Montague’s poems often find their shape in extended sequences that engage themes of travel and exile, national identity and personal loss. As Edna Longey noted in the Times Literary Supplement: “more than any poet of his generation he opened up channels between the Irish and English tradition, between regional and cosmopolitan allegiances, between Ulster and Irish perspectives.”
Montague is the author of numerous collections of poetry, including A Drunken Sailor (2004), Time in Armagh (1993), The Dead Kingdom (1984), The Rough Field (1972), and Poisoned Lands (1961). Wake Forest University Press published his Collected Poems in 1995. Montague has also translated the work of several French poets, including Guillevic’s 1961 volume Carnac (2000), Claude Esteban’s 1972 volume Sur La Dernière Lande, as A Smile Between the Stones (2004), and, with co-translator Evelyn Robson, November: A Choice of Translations from Andre Frenaud (1972). Montague edited the anthologies Bitter Harvest: An Anthology of Contemporary Irish Verse (1989) and the Faber Book of Irish Verse (1974).
Montague is also the author of the story collections Berkeley’s Telephone and Other Fictions (2000), An Occasion of Sin (1992) and Death of a Chieftain (1964), as well as the novella The Lost Notebook (1987), the essay collection The Figure in the Cave (1989), and the memoirs Company (2001) and Born in Brooklyn (1991).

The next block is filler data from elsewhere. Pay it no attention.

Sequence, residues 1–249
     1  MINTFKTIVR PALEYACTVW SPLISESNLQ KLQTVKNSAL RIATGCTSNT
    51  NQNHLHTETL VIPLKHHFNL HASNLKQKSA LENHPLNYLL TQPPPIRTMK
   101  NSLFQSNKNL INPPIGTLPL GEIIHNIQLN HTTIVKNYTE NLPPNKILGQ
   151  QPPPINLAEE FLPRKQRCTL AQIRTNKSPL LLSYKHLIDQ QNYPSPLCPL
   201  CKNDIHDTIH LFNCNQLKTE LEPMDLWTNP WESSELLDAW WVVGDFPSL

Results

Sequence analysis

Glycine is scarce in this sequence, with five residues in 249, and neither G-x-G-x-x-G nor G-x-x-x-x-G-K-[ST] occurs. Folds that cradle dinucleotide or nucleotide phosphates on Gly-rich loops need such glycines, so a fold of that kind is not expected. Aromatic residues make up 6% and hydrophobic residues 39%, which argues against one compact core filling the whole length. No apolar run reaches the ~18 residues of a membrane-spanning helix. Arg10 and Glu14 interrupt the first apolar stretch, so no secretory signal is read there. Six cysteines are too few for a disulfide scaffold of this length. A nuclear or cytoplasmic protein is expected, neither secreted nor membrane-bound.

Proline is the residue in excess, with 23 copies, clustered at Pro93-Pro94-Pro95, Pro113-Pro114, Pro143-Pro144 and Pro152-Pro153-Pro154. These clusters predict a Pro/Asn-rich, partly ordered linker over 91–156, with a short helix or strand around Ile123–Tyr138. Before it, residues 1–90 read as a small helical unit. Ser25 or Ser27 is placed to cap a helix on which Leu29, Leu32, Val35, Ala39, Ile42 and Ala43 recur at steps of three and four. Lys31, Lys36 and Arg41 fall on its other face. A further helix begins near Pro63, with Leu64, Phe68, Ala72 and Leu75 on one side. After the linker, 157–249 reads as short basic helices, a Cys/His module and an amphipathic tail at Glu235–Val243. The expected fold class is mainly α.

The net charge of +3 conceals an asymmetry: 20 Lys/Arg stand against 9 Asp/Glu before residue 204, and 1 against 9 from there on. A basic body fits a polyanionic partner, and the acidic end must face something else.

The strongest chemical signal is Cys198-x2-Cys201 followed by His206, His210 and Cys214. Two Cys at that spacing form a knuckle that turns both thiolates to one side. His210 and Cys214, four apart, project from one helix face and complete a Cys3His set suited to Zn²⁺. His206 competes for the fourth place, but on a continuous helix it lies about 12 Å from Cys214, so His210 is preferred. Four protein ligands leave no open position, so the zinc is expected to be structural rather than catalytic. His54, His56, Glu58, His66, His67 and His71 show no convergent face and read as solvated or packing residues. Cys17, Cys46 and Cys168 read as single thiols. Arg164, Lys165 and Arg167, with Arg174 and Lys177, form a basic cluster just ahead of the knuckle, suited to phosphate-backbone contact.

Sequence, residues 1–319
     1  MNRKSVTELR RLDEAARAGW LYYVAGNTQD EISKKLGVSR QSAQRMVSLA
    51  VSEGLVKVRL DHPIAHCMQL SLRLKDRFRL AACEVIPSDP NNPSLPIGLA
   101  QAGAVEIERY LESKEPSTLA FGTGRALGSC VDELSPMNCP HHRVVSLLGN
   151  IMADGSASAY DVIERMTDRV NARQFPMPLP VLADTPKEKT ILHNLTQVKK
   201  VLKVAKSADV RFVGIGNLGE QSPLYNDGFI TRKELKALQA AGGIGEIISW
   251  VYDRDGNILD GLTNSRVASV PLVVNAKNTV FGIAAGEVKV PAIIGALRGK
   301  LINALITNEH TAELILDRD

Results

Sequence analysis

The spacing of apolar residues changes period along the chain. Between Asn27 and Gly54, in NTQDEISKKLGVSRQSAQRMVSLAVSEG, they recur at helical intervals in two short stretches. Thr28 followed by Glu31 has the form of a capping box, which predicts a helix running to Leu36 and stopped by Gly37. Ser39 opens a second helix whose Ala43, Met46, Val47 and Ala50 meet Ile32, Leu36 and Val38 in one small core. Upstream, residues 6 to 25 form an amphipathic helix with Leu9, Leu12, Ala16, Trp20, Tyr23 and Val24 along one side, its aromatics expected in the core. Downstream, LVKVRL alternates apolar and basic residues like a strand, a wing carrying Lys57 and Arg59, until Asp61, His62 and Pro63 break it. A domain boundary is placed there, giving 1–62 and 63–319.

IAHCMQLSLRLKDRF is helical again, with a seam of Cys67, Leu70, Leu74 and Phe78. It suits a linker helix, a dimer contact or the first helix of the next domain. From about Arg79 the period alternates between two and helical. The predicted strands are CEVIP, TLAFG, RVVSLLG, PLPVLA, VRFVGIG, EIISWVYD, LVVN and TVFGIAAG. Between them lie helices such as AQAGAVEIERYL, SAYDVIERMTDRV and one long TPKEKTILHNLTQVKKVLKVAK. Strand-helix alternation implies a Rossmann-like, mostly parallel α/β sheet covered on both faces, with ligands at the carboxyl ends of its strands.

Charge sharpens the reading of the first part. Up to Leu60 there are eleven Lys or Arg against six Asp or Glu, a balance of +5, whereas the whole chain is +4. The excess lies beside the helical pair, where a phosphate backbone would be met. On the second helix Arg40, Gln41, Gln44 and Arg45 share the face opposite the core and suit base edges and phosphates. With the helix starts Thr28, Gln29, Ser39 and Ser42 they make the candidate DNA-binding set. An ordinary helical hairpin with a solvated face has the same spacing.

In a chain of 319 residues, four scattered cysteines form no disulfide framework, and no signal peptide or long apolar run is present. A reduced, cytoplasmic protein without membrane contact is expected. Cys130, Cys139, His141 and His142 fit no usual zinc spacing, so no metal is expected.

Montague’s honors include the American Ireland Fund Literary Award, The Irish-American Cultural Institute’s Award for Literature, the Marten Toonder Award, a Guggenheim Foundation Fellowship, and an honorary doctorate from the State University of New York at Buffalo.
Montague has taught at the University of Albany-SUNY, where he was chosen as the first Ireland Chair of Poetry, and at University College-Cork. He shares his time between homes in Cork and Nice.
Poems By John Montague
Translated By John Montague
Articles by John Montague
The son of Irish Catholics, poet John Montague was actually born in Brooklyn, shortly after his parents, who had been involved in Ireland’s post-1916 national strife, immigrated to the U.S. In New York the family struggled through the Depression, and in 1933 Montague and his two brothers were sent back to Ireland. Montague was raised by two aunts on the family farm and educated at the seminary of Saint Patrick’s College in Armagh. He attended the University College of Dublin, where he published his first poems. In 1953 Montague enrolled at Yale University on a Fulbright Fellowship, studying with Robert Penn Warren. After time at the Iowa Writers’ Workshop and the University of California, Berkeley, as well as back in Dublin, Montague moved to Paris, where he was the Paris correspondent for The Irish Times and became close friends with playwright Samuel Beckett. He eventually returned to Ireland, settling in...